Best Practice for URL policy question

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Best Practice for URL policy question

L0 Member

So the scenario is we have an app on a server which needs to access several URLs. My colleague setup a custom URL Category and applied it to the policy, but the problem is this isn't working. From my reading on URL Categories, this applies to web-browsing traffic, not URLs themselves as destinations. Meaning if traffic is deemed to be something else other than web-browsing, but still reaches the same URL on port 443, it won't apply the URL category. 


So user > web browser > URL would trigger this.

But service > application > URL would not.


The only other way I know how to allow this is by creating a FQDN object for the domain of the resource and allowing that in a policy for the destination, but that opens up way more than the specific resource we want to allow.


What is the best way to restrict application traffic to a URL if we cannot use URL Categories?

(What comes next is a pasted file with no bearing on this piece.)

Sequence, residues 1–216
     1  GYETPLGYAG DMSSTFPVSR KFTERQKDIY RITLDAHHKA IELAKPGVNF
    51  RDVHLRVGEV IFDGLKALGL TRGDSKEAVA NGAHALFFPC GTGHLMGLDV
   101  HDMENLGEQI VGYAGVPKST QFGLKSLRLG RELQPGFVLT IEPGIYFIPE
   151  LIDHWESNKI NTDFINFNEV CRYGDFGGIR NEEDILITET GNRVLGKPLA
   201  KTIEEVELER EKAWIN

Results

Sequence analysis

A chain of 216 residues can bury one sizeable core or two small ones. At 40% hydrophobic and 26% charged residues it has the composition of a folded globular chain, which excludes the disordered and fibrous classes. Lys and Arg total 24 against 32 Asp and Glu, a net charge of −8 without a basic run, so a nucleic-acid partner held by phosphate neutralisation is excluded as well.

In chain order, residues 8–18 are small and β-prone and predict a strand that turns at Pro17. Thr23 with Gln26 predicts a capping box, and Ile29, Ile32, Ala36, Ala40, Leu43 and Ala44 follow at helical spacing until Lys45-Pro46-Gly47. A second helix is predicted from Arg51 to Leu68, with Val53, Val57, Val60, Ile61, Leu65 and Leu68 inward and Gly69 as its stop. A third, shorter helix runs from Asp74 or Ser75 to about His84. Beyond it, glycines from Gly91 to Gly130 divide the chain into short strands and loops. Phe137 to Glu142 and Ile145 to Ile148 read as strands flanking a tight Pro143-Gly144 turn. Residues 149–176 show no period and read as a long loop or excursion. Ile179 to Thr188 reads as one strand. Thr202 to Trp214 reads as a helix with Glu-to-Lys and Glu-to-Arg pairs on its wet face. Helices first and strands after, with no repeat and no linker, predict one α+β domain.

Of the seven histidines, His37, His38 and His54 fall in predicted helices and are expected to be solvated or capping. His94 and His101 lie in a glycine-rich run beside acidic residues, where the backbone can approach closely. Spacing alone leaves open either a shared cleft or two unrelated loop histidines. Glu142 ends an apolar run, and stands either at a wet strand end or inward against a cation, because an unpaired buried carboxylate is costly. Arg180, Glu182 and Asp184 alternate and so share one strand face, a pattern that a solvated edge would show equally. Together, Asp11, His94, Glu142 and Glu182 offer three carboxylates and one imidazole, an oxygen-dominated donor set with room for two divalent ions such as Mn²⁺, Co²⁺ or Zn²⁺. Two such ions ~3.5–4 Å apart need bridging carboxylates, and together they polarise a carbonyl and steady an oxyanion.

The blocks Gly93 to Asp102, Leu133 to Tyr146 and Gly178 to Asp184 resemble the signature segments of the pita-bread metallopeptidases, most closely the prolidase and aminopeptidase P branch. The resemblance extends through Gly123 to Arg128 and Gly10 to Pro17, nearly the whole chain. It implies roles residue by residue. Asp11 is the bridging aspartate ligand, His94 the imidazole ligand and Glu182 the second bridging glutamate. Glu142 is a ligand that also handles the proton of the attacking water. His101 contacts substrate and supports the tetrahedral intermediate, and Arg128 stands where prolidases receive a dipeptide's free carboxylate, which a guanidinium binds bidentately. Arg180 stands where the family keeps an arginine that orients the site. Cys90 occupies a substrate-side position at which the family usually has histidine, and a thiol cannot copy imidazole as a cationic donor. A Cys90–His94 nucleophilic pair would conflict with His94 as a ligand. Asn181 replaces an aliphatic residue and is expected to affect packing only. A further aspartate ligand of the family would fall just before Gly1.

L3 Networker



@Josh_Morris wrote:

but still reaches the same URL on port 443, it won't apply the URL category. 

Usually port 443 is used for TLS applications, in which case it should be possible to use with a URL category. We use the SNI in the Client Hello and can also use the certificate CN to determine URL's if the traffic is not decrypted. If the traffic is not decrypted, you can only match custom URL's based on the actual domain and not the full URI path.


If it's completely a non web application, let's say RADIUS for example, then no you can't match with a custom category since it's just IP to IP traffic without a URL. In that case I don't see how an FQDN would allow more access than you want. It will allow access to a specific IP, and you can further lock down the rule through the use of applications and services.


- DM

Sr. Technical Support Engineer, Strata
  • 1 replies
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